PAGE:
Early to plant, early to harvest - these solarium grown ears of corn were ready for harvest on July 4th, about 90 days after being planted.
Two months after they were planted, the six corn stalks are doing well in a corner of Carla's solarium.
Story last updated at 7/25/2012 - 2:32 pm
All those alluring photographs of wonderful garden flowers and vegetables look so tempting as I thumb through the seed catalogs in anticipation of the next growing season. My preliminary wish list, once I do the math, always far exceeds available gardening space and big decisions are required to narrow down the prospects.
That's why I've never even considered growing corn here in Southeast Alaska where our temperate rainforest environment does not especially lend itself to the corn plant's preference for sunny, high temperatures. Sure, they love water (which we have) but the average air temperature is not acceptable in their circle and I have enough trouble providing heated room for my precious tomatoes.
Be that as it may, one day a friend insisted on giving me a spare packet of corn seeds (other people try grow corn here) and I hated for those nice, fresh seeds to wither away in the packet, so suddenly there I was planting six little kernels in potting soil and nursing them along with the tomato seeds on a heat mat under lights. What the heck, it might be interesting to see if I could grow big, juicy ears of corn. Perhaps I could squeeze them into a corner of the solarium, normally reserved exclusively for tomatoes, cucumbers and peppers.
Planted on March 23, the corn sprouted in a few days under these conditions and shot up a few inches, looking like grass. Before long I transplanted them into 6" pots, which should have been temporary, but ended up being their permanent home. This tiny (for corn) pot presented a real challenge for plants that like to grow downward three to five feet and outward about one foot from each side. By the time I noticed that I needed to transplant the corn, they were three feet tall and not in the mood to be dislodged from their present circumstance.
Thousands of strains of field, sweet, pop and ornamental corn can be found around the world. The sweet corn we grow today was developed from field corn in the 1700s, according to a National Gardening Association website. Over the years genetic changes have occurred from cross-pollination resulting in over 200 varieties of sweet corn alone. Starch and sugar content determine the kernel's texture, shape and flavor.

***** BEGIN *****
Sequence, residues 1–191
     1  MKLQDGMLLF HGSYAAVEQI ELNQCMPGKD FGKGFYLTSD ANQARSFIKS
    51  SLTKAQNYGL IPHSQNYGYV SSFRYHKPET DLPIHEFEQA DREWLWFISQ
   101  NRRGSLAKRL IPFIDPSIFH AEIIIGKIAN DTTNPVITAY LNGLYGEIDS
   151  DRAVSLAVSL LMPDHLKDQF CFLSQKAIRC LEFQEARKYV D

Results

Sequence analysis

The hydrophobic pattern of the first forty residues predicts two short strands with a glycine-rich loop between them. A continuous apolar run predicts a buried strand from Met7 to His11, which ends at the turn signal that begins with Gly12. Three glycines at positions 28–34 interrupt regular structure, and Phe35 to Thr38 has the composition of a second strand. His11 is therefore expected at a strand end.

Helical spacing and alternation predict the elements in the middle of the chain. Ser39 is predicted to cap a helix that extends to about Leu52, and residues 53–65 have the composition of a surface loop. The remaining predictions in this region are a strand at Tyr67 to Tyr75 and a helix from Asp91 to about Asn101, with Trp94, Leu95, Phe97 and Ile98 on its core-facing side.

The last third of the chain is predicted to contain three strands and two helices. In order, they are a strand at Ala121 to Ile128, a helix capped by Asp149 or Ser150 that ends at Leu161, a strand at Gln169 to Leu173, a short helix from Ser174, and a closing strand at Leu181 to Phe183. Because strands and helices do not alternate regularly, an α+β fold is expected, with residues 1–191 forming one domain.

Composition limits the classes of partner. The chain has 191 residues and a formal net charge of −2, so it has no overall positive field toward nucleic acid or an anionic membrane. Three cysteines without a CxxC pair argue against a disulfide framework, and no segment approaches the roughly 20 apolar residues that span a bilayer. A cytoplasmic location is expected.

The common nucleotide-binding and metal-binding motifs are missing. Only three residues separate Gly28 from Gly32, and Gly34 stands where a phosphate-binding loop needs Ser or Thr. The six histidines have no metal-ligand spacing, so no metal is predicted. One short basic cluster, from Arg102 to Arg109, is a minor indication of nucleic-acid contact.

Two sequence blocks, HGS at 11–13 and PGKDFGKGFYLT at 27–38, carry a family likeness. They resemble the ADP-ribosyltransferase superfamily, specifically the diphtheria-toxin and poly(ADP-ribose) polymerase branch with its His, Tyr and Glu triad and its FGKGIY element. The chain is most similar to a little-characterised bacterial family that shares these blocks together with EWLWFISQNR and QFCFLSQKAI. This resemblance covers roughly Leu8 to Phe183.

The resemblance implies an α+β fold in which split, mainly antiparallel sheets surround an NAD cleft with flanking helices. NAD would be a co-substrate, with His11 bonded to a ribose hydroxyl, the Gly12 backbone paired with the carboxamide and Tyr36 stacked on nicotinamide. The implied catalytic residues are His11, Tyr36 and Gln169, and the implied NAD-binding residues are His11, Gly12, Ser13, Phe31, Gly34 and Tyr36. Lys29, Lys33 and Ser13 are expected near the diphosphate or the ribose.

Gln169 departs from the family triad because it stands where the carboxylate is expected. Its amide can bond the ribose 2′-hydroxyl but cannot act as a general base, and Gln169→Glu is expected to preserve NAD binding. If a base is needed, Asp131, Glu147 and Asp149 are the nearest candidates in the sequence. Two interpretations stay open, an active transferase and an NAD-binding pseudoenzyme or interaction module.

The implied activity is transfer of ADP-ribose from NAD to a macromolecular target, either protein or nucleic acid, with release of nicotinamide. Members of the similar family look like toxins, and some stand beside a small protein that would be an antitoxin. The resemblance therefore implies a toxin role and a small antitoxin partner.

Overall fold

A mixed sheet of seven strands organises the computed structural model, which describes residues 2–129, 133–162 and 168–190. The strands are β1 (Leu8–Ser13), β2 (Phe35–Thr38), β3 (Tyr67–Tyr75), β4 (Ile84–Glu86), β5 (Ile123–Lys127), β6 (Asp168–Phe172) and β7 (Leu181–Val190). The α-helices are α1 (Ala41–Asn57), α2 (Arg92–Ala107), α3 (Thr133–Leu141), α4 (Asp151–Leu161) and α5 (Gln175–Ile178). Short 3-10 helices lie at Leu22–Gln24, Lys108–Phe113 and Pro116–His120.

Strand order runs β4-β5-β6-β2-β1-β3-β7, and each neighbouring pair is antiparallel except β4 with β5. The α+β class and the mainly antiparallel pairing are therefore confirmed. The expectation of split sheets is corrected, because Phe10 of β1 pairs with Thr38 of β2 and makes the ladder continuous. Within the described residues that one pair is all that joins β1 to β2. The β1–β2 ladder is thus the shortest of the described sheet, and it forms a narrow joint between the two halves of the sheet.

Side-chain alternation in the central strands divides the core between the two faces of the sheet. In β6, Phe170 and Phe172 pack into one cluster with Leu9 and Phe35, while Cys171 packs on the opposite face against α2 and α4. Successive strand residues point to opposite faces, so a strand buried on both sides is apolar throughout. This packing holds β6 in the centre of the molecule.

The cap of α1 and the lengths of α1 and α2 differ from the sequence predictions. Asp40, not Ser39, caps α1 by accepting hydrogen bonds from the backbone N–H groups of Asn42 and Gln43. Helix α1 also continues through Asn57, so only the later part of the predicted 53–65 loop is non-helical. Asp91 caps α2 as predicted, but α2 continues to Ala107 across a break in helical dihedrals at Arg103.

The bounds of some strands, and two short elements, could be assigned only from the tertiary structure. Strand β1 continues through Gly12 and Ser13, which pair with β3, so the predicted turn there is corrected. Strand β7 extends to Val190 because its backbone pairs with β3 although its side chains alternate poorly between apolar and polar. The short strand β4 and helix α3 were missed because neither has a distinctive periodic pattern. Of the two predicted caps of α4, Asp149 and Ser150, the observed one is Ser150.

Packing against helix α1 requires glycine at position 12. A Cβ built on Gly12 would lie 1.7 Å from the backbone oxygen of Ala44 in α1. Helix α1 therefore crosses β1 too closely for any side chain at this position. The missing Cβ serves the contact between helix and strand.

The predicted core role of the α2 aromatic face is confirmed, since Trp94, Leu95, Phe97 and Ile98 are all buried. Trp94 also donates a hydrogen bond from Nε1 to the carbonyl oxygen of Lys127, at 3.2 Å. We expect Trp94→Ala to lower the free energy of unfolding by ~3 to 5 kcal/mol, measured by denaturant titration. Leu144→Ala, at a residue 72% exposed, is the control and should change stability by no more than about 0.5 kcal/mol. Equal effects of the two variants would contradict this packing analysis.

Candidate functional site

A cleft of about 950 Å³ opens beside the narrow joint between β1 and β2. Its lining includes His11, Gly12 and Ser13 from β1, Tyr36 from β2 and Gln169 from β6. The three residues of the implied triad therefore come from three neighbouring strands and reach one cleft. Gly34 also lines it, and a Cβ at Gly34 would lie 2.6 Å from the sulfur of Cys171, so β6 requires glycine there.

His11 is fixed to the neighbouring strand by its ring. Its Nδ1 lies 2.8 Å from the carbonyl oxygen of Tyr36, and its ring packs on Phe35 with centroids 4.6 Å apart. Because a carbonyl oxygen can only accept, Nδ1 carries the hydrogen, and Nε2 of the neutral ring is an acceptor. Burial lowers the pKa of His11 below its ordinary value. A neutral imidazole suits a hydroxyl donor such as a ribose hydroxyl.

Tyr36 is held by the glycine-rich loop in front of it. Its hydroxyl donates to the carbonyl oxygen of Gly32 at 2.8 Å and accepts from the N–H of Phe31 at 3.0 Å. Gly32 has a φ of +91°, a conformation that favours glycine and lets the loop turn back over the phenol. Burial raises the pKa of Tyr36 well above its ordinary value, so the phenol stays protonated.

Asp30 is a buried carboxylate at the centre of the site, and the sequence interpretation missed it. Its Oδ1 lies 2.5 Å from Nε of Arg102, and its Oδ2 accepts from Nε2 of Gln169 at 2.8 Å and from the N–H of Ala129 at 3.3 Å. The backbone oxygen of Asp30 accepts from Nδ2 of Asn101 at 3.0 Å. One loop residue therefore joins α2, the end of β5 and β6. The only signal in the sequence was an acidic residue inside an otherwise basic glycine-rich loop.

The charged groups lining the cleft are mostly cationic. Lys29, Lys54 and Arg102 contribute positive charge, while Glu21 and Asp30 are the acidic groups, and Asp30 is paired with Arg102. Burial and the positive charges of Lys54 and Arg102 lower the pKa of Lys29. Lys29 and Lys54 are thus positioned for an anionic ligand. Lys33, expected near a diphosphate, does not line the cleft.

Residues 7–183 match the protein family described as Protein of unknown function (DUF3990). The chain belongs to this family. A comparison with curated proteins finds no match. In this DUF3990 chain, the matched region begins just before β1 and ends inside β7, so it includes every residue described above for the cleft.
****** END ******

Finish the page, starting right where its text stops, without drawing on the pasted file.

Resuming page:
Having never grown corn, I soon realized I knew nothing about its clever ways but luckily a friend who grew up on a farm informed me that the pollen would appear in the tassels (male flowers) at the top of the plant and is normally transferred by wind to the threadlike silks (female flowers) that emerge from the ears lower down on the stalk. Lacking much of a breeze in my solarium, it was suggested that I tend to the pollen transfer myself for improved odds of success.
Sure enough, at about two thirds of the corn's full height, the tassels were replete with pollen. So far, so good. But when the small, developing ears had not sent out silks within a few days, Aaron, my farming advisor, was concerned. The corn was not developing quite right, struggling to cope with its lot in an undersized container and apparently, insufficiently watered. Corn requires excellent drainage and I had been overly cautious about watering before realizing that it was virtually impossible to overwater in these containers.
When the silks did finally appear, I collected pollen and sprinkled it on the silks as directed. Amazingly, each threadlike silk corresponds to a single kernel of corn that will develop on the ear. Without proper pollination (and plenty of water during that time), there may be gaps or large areas on the cob lacking kernels.
I re-applied pollen over several days and waited, feeling hopeful as the ears began to lengthen and fill out. The stalks had grown to over five feet, each with one ear. By July 4, although the ears were not large, the silks had all turned brown and harvest was in order. The moment of truth was at hand even if the corn hardly looked worth picking.
Aaron and I each broke off a corncob and pulled back the husks, revealing the underwhelming ears that were comically only about five inches long. Corn possesses its maximum sweetness if consumed immediately after being picked, before the sugars begin to convert to starches so we dove into those tiny, tender and juicy kernels right there, uncooked, standing outside in the sunshine and ate three ears apiece, cob and all. My entire harvest had been consumed in five minutes.
The container corn experiment had at least led to a much greater understanding about the plant. Even if I never try growing it here in Southeast Alaska again, I'll always appreciate corn in a different way.